We really couldn’t go a whole week without some story involving the EPA, could we?
Henry Waxman, Chairman of the Committee on Government Oversight and Reform, issued a third subpoena this week demanding that the Environmental Protection Agency produce un-redacted documents relating to the EPA’s process in denying California’s waiver allowing the state (and 16 other states with similar laws) to regulate greenhouse gas emissions from vehicles.
Documents produced previously by the EPA had been redacted with white tape, apparently not even taking the time to use a black marker to hide their documented actions. Some pages were completely blank – plain white sheets of paper.
The documents subpoenaed involve the white house, so failure to produce them on the grounds of “executive privilege” is tantamount to an admission that the white house played a role in a decision that should have solely been up to the EPA. If there is no claim to executive privilege there is concern of retaliation against EPA whistle-blowers.
EPA Administrator Stephen Johnson’s decision was made against unanimous recommendations from his staff.
The reason that previous documents provided the committee were redacted was, in the words of the EPA itself, to avoid “public confusion” over the apparent lack of integrity between what Johnson did and what his agency recommended he do.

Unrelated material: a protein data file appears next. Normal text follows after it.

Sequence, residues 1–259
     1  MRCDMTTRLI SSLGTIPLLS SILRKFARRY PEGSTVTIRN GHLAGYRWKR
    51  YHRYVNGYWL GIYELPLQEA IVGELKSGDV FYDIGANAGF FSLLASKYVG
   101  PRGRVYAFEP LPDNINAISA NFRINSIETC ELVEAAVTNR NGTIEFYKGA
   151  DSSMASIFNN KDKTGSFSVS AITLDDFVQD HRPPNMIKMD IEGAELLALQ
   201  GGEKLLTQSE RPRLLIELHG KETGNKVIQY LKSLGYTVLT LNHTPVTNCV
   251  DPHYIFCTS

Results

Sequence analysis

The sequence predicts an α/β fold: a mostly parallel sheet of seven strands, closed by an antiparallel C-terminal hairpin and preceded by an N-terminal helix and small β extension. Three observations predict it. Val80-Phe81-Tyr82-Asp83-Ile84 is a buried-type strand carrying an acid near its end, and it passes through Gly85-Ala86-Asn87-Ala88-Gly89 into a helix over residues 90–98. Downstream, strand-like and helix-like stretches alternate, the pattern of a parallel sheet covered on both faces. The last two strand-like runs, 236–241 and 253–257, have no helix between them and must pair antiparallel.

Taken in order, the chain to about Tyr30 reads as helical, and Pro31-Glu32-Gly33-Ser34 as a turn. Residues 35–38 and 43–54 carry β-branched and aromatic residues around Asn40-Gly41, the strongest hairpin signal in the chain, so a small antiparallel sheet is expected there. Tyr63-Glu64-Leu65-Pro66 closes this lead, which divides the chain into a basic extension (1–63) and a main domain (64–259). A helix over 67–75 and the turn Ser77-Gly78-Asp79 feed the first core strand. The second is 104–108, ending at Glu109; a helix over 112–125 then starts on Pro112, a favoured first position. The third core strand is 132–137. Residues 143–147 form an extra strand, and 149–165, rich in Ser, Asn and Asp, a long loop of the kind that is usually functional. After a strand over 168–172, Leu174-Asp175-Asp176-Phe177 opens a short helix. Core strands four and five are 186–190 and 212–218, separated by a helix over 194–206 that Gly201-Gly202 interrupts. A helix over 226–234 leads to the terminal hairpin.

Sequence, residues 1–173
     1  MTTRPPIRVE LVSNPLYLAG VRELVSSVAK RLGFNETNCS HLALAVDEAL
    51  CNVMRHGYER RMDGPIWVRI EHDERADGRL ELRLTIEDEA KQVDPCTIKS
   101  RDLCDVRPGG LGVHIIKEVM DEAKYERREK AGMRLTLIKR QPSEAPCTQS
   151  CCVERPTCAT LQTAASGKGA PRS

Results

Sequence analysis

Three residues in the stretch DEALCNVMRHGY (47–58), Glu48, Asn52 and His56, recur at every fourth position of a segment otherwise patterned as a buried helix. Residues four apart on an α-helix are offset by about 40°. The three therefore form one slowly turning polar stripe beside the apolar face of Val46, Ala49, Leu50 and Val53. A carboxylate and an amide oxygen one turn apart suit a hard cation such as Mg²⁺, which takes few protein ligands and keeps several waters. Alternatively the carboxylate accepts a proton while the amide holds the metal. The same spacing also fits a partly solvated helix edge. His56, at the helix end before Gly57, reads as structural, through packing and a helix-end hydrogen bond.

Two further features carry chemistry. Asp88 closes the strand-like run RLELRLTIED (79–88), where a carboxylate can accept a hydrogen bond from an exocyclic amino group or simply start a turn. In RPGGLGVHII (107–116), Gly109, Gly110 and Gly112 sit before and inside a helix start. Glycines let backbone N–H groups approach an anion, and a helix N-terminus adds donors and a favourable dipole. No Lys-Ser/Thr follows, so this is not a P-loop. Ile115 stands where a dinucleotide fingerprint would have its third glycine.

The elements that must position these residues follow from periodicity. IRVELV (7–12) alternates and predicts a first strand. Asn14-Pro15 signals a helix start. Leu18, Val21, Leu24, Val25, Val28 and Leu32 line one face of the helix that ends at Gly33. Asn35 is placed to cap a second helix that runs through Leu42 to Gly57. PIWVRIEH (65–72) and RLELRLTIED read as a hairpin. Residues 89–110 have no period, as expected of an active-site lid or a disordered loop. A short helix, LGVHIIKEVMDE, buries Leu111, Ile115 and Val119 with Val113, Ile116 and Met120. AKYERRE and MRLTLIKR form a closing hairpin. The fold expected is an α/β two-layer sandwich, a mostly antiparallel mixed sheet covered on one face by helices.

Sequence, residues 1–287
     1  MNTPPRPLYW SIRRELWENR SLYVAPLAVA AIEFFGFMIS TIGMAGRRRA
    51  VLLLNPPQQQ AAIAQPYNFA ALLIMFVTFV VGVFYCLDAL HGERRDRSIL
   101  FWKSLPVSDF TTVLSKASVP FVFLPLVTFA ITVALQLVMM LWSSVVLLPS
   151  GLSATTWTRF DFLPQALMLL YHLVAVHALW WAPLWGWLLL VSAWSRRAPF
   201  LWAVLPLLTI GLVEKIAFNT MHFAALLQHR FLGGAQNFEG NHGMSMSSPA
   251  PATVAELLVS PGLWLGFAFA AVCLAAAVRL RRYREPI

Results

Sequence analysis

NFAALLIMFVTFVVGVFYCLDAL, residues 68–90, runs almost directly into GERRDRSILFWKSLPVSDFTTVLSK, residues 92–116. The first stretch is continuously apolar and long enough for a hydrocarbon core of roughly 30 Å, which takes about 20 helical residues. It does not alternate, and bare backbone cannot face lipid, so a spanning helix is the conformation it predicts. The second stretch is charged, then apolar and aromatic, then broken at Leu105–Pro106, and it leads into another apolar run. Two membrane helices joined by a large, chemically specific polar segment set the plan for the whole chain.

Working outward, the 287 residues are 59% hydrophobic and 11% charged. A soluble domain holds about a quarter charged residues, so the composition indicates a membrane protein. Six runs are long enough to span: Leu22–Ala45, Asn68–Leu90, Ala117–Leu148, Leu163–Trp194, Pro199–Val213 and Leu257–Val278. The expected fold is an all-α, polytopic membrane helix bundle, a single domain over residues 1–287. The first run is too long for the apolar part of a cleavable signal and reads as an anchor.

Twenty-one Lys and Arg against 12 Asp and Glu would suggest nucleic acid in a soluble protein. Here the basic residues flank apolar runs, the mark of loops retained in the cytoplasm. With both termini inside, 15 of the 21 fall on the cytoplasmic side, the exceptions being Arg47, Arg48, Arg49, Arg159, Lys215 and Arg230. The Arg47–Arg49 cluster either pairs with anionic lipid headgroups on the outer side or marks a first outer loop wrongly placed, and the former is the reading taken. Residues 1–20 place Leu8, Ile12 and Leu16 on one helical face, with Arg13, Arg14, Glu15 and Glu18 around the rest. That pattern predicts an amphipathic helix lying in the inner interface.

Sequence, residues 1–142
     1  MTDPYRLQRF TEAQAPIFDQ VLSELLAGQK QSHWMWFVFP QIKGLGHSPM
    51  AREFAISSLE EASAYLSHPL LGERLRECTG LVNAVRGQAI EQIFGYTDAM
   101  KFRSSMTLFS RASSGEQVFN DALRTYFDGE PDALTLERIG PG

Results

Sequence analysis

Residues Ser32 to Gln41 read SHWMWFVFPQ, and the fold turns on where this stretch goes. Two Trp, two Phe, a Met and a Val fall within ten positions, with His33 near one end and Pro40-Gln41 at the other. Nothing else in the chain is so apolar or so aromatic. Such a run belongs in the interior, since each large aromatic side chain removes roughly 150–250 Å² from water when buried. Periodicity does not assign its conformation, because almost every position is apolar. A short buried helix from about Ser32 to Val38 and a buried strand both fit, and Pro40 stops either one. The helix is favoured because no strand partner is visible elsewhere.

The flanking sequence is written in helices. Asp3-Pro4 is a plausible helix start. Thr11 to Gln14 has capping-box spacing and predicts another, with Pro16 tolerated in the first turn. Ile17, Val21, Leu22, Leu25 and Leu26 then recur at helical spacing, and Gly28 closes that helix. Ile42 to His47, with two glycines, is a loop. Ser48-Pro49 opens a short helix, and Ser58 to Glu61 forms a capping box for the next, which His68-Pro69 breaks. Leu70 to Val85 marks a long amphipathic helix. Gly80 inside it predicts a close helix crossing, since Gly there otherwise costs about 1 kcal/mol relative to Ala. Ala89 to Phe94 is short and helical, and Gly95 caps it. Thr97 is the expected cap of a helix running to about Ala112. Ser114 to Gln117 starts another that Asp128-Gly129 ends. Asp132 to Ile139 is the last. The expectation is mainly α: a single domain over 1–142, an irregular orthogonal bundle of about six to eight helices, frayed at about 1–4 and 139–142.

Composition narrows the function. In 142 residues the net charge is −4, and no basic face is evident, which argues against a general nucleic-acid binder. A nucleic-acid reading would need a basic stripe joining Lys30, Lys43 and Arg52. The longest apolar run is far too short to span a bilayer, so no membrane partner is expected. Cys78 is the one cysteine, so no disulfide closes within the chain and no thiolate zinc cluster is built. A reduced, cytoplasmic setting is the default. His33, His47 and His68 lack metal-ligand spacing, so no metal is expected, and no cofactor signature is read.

In a statement released on Wednesday after issuing his third subpoena Waxman said:
The Committee has found evidence that EPA officials met with the White House regarding California’s motor vehicle regulations. Subsequently, EPA blocked California from moving forward with its landmark program to address climate change. Unfortunately, EPA has refused to disclose the substance and extent of its communications with the White House. The Committee must have these documents in order to understand how the agency’s decision was made.
Thus far the EPA refused to disclose to what extent the White House influenced the California waiver decision. So once again it is ordered to do so -to send clear, un-redacted documents and to not “confuse the public”, but be honest and forthright.
That might be a breath of fresh air for the EPA and the public, but I’m not holding mine.